Jenkins notes: "NPR Visuals and NPR Music are establishing public media on the platforms and in the spaces where the next generation of NPR audiences can already be found. They are on YouTube watching Tiny Desk, they are on Instagram, they are on Alexa and they are on TikTok. Most importantly, they are heavy consumers of visual information and entertainment. They have grown up with screens everywhere, and photos and videos are their primary means of communication. I'm excited for the opportunity to help NPR evolve with our audience and find new ways to navigate this world with them."

Recent examples of Jenkins' accomplishments include spearheading the NPR in a Minute video project, which has laid a foundation for NPR journalists to systematically bring coverage — including dispatches from Ukraine — to audiences across social channels. Jenkins has also led the visuals team in activating our strategy to center POC voices and creators on NPR's growing Instagram channel. The signature editorial project Turning the Tables, which tells untold stories of underrepresented musical figures, is finding life on new platforms. This year NPR Music Black History Month became a signature music and visual storytelling event, which will extend to Black Music Month in June, and the Hispanic Heritage Month takeover introduced millions across the globe to "El Tiny." With colleagues across NPR, he helped secure more than $2 million in funding for our visuals strategy from philanthropic sources as diverse as the CPB and a major anonymous donor, as well as through business agreements with platforms including YouTube.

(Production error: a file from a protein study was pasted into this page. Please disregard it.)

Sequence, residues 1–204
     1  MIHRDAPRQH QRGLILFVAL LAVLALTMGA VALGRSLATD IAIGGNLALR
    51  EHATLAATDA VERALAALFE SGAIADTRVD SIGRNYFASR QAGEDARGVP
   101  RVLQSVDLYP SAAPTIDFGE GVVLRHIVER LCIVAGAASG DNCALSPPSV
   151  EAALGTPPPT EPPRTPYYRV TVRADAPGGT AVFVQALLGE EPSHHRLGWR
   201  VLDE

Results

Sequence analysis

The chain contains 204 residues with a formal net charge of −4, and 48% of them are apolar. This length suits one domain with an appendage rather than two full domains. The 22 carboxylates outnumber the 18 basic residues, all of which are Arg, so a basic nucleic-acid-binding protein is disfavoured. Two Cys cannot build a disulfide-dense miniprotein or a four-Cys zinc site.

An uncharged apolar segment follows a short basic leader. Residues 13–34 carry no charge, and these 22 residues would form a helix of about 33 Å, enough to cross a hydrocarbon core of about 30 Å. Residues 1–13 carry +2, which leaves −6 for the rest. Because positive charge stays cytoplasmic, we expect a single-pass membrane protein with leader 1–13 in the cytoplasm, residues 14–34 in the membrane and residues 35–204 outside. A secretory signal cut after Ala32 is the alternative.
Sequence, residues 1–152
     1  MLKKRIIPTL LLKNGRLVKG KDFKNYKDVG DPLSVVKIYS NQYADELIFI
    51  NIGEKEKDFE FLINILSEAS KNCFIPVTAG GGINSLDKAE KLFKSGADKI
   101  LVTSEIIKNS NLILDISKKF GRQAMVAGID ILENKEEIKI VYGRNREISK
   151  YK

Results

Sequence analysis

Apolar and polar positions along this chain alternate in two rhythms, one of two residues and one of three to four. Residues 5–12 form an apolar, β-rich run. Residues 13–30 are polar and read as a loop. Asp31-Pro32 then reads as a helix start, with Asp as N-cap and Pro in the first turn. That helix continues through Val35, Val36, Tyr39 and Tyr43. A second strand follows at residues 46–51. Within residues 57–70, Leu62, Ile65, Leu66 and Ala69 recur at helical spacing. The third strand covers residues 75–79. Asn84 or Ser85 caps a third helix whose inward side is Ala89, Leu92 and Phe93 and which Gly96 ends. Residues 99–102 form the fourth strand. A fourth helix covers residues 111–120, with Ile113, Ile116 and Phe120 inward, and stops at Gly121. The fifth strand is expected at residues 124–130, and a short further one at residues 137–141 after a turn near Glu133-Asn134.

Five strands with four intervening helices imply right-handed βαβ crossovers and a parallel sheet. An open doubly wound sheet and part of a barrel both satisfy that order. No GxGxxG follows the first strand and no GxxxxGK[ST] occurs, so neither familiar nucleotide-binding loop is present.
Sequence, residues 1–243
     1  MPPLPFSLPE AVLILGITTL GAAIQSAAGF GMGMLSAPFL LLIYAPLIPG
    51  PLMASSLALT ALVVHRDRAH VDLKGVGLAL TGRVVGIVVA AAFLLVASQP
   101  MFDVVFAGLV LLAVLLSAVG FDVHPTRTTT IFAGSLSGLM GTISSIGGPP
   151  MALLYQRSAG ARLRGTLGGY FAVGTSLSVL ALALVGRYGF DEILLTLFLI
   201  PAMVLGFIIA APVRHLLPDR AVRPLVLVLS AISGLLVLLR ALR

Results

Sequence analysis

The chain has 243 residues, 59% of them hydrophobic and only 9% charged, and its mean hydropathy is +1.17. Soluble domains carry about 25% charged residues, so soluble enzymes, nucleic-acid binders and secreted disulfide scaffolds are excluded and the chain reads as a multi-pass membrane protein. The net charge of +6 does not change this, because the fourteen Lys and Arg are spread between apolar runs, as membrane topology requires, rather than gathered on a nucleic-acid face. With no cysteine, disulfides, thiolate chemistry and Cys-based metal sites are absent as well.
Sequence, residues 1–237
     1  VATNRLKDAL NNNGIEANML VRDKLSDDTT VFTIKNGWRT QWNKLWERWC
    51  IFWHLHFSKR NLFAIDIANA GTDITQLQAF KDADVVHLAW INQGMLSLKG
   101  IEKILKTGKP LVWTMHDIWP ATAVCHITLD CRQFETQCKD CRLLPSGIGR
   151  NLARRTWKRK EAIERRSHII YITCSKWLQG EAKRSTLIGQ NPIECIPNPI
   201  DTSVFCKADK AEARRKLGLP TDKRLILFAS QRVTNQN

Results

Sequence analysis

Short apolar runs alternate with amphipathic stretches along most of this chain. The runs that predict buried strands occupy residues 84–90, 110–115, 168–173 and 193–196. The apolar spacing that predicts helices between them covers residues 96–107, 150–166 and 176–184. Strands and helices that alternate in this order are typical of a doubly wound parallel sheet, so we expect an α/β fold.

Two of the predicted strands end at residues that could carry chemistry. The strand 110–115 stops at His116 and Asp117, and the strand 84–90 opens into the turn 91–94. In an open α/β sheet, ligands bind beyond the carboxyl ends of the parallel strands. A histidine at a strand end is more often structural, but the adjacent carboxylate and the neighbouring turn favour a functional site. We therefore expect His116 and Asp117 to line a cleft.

About NPR:

NPR's rigorous reporting and unsurpassed storytelling connect with millions of Americans every day — on the air, online and in person. NPR strives to create a more informed public — one challenged and invigorated by a deeper understanding and appreciation of events, ideas and cultures. With a nationwide network of award-winning journalists and 17 international bureaus, NPR and its Member Stations are never far from where a story is unfolding. Listeners can find NPR by tuning in to their local Member stations (, and now it's easy to listen to our stories on smart speaker devices. Ask your smart speaker to, "Play NPR," and you'll be tuned into your local Member station's live stream. Your speaker can also access NPR podcasts, NPR One, NPR News Now and the Visual Newscast is available for screened speakers. Get more information at and by following NPR Extra on FacebookTwitter and Instagram.